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Lost: ancient kingdom of the Cham
The driver spoke no English; my Vietnamese vocabulary was limited. But we were going to spend five days together driving along the central coast of Vietnam. Hand gestures and pointing at places on a map would have to work.
Before long, I had learned a valuable motto for travel here: "Things rarely go as planned, but everything usually turns out just fine."
I was seeking the lost kingdom of Champa, a great maritime empire that once ruled much of what is now Vietnam. For 900 years, the Cham people controlled an independent state, but they fought often with their neighbors — the Vietnamese to the north and the Khmer to the south.
Little is known of the Cham, but their land was one of the more exotic places visited by Marco Polo on his legendary journeys in the late 13th century. Champa no longer exists by that name, but with a little imagination, it can still be seen along the central coast of Vietnam. A few temples, sensuous art and sculptures of Cham gods survive as testimony to this highly developed civilization. As a bonus, visitors can discover some of the finest scenery and beaches the country has.
I got hooked on the Cham culture a few years ago while visiting Nha Trang, a beach resort along the central coast that's becoming popular with tourists.
I thought I knew Vietnam pretty well, having lived here for several years before the war, but Nha Trang startled me with its temples, which bore a strong resemblance to those at Angkor Wat in Cambodia.
So when I returned last March, I decided to add an excursion along the coast. Hiring a car and driver was inexpensive: I paid $75 a day, which included car, gas, driver and the driver's lodging.
Though I had made arrangements with one of the better-known tour groups in Vietnam, no one showed up on the day of departure. After placing a few phone calls, the company hurriedly sent driver Doan Duc Hung from Hanoi in an Asian-model SUV.
Our starting point was the ancient town of Hoi An, now a popular stop for Western tourists. It was an important port in the time of the Cham, receiving Chinese emissaries and traders from faraway lands. After the Viet lords vanquished the Cham and began to move into the region in the 17th century, they used the town for their dealings with Japanese, Chinese and Western traders.
These days most visitors come by land rather than by sea, and they find their tastes catered to with dozens of handicraft shops and many restaurants, including one called Champa.
Our first stop was the Cham Museum in the nearby city of Da Nang, where an open-air building contains a large collection of sculptures recovered from the temples. I recognized old familiars from the Hindu pantheon, including Ganesh, the elephant-head god, Siva, Vishnu and Uma, as well as fanciful sea monsters and lion-elephants (gajasimha) unique to the Cham.
Much of it was exquisite; it was especially fascinating when compared to the Khmer sculptures from Angkor and other sites in Cambodia. The Khmer and the Cham took turns capturing each other's capitals, evidently exchanging culture in the process.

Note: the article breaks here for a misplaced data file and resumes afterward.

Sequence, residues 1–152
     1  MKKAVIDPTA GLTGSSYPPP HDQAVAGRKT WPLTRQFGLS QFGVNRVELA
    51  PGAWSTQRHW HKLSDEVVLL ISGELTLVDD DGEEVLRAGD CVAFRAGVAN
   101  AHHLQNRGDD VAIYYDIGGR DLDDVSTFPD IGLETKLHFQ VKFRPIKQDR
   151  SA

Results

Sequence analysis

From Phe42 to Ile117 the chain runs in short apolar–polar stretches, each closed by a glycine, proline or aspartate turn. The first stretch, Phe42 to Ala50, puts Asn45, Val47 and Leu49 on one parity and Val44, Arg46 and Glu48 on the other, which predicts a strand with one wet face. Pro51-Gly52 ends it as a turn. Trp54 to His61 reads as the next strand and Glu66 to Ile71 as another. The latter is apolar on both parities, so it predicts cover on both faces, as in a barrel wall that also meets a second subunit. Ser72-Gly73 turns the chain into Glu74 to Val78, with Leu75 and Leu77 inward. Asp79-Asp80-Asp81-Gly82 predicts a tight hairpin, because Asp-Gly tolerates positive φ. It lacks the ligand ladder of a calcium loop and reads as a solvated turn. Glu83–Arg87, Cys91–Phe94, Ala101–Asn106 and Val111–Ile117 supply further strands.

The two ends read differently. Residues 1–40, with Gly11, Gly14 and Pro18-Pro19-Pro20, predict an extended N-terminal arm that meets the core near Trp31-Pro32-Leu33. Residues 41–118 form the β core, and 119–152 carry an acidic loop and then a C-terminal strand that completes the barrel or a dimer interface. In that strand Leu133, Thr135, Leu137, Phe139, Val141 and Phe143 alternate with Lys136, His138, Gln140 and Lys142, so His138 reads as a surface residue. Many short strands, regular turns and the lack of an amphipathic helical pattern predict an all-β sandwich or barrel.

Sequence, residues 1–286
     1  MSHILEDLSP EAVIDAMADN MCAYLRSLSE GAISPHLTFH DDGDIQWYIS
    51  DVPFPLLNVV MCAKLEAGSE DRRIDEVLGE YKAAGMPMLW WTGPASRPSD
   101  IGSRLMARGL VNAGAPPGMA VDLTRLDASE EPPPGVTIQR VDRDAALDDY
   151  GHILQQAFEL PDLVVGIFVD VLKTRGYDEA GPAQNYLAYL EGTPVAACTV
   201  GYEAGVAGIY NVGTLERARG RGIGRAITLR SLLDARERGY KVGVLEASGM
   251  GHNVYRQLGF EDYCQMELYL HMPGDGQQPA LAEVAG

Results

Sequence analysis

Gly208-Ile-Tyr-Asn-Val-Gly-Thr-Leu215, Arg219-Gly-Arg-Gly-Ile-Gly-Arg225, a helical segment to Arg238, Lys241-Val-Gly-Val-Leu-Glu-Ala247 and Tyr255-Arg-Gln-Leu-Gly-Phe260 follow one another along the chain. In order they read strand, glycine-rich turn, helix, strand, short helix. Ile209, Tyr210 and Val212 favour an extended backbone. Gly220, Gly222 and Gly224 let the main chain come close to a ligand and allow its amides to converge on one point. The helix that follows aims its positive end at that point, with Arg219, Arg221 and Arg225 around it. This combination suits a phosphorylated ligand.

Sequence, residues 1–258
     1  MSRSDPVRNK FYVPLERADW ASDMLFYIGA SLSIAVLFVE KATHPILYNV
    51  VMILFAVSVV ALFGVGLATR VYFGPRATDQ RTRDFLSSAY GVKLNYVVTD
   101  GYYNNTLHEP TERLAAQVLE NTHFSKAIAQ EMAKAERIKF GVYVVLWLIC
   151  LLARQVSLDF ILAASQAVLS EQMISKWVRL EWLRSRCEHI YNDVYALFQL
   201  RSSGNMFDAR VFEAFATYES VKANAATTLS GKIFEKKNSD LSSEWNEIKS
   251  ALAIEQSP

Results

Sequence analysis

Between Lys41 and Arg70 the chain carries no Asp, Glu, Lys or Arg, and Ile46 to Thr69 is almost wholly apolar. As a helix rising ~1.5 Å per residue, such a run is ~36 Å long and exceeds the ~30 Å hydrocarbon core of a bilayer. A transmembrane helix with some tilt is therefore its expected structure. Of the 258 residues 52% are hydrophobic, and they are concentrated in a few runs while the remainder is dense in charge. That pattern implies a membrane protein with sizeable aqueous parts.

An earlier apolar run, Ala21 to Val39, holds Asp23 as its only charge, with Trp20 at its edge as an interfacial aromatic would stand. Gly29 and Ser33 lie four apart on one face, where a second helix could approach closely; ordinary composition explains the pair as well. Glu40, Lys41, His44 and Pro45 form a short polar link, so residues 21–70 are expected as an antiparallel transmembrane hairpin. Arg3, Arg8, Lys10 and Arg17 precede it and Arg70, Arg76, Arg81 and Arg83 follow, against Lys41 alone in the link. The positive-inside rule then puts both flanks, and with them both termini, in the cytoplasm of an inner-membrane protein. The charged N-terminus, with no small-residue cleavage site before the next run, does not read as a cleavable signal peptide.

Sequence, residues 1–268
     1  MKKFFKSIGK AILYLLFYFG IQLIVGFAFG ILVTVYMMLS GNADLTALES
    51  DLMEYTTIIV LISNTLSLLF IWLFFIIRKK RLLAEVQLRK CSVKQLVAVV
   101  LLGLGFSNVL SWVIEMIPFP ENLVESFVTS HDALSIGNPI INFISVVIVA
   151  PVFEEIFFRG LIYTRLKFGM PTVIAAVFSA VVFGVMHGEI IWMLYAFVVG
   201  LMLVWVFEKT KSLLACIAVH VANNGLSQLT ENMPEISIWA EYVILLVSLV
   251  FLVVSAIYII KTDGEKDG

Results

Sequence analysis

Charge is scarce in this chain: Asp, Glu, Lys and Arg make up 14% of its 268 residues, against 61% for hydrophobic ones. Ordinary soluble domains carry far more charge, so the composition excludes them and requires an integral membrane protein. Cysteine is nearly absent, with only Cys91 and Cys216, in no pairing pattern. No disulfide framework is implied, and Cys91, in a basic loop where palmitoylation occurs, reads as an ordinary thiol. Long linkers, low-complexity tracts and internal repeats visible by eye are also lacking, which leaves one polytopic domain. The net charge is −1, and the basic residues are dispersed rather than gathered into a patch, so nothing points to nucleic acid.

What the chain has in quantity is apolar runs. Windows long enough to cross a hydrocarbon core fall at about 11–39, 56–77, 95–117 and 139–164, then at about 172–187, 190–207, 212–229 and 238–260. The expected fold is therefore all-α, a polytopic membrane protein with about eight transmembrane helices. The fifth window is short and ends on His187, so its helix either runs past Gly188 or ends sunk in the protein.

Thirty miles south of Da Nang, we found the sanctuary of My Son, the oldest and most famous of the Cham sites. The Cham built it in a remote valley far out of harm's way, and its complex of temples, begun long before Angkor in Cambodia, survived well into the 20th century. Then came the Vietnam War and B-52 bombers that had no trouble visiting remote valleys. My Son had become a hideout for Viet Cong, and in 1969, the central temples in each group — including most of the masterworks of the Cham culture — were destroyed.
However, the remaining buildings and the setting are still worth a trip and were designated a World Heritage Site by UNESCO in the 1990s.
The roads to My Son are narrow but paved, finally ending near a small stream that curls around the temples. The footpath from the visitors' center makes a circuit, which I walked in the reverse direction. This had the advantage of taking me through the most damaged areas first, and I was able to finish on a high note with the temples that are still standing.
Two of the buildings house a collection of sculptures and other temple ornaments, including a wonderful dancing Siva.
Green fields, royal courts
Traveling south from My Son on Highway 1 — the nation's main north-south artery — we saw a fresh palette of colors: green fields dotted with white egrets and bordered by groves of palm trees. In the distance to our right was the range of mountains that make up the Central Highlands. On the road in front of us was an endless parade of bicycles and mopeds carrying a range of produce and merchandise. Golden rice was spread out along the roadside to dry or was mounded for collection.
About 100 miles south of Hoi An, the road crossed a series of passes through the hills that once protected Vijaya, onetime capital of the Cham kingdom. The citadel of Cha Ban is about half a mile from the main highway and was at the top of my list. This is where Marco Polo visited the royal court and found the king of the Cham, who was said to have more than 300 children.
Many battles were fought here among the warlike Cham, the Viets and the Khmer. Cha Ban was the site of a dramatic siege in 1377, when a Viet army was lured to its destruction and its king killed. One hundred years later, the Viets breached the walls of the citadel, putting tens of thousands of its occupants to the sword and ending the Cham's supremacy forever.
Although many of the sculptures in the Cham Museum were found here, only a single temple tower remains of the ancient city. The aging Vietnamese cemetery across the road strikes an appropriately melancholy chord.